Hi Gary;  I am replying to your email concerning working with Pepper Adams, etc. Sorry it has taken me so long to respond but I rarely check the email that you contacted me on. I would be happy to speak with you about Pepper but not by email. So if you are interested I would prefer speaking via telephone. You can either send me your number or request my number. Park was one of the great gentlemen of Jazz and his body of work is a testament of his artistic level of excellence.   

Tony Inzalaco

Here's my original email:

Hi Tony: In my interview with Pepper Adams, he mentioned playing with you in Atlantic City. He said it was a sextet led by Maynard Ferguson. I've been able to approximate the dates as cApr 20-24, 1965 and cApr 27-May 2, 1965. Might you remember who else was in that band, the venue, or anything else about it? Did you work with Pepper on any other occasions?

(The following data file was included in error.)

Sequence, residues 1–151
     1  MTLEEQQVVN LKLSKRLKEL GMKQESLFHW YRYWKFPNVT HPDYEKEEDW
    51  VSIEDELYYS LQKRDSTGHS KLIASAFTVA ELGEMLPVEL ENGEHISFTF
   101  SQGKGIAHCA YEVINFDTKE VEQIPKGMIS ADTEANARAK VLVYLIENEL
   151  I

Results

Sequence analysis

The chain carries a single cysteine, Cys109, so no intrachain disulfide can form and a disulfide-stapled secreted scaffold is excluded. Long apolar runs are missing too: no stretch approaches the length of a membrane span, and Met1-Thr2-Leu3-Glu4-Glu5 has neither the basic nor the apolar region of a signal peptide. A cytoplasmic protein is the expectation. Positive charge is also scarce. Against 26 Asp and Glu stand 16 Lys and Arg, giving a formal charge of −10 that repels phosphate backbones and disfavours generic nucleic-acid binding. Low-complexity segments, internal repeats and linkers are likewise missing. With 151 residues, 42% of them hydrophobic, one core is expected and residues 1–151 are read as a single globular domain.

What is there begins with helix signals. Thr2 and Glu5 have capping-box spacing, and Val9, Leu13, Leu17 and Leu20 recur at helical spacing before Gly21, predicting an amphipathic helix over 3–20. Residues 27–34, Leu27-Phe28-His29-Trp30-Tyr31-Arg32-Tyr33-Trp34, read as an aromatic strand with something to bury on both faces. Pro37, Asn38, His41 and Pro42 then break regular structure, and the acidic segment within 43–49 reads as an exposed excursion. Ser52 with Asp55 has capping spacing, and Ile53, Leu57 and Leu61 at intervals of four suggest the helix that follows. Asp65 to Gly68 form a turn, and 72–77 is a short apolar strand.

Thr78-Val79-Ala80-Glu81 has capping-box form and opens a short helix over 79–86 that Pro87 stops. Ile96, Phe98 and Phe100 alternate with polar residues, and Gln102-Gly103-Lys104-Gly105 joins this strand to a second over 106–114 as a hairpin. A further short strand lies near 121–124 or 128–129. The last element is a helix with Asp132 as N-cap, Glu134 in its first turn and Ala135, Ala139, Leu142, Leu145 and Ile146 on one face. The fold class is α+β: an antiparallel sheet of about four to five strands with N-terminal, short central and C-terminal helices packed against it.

I'm scheduled to interview Tony this afternoon

                      (Tony Inzalaco)

In a few weeks,'s webmaster, Dan Olson, and I will be adding audio content of some of these big band performances of Faulkner's charts from 2013, including some great things on YouTube that haven't been seen because they're not properly indexed. By then, I should know if I'm going abroad in late September to give a presentation about Pepper Adams and Detroit in Darmstadt, Germany. My research over the last few months has been working toward having something of substance to present in Germany. If it comes to pass, I've been invited to Prague to stay with tenor saxophonist Osian Roberts. He'll no doubt do a gig of Pepper tunes when I'm there, hopefully with a big band, since he too arranged a few big band charts of Pepper's music. I'm hoping to lecture about Pepper at a few schools, including possibly the Prague Conservatory, if all works out.              
                            (Tony Faulkner)

Monday, February 13, 2017

Charles Boles Looks Back

© Gary Carner. Copyright Protected. All rights reserved.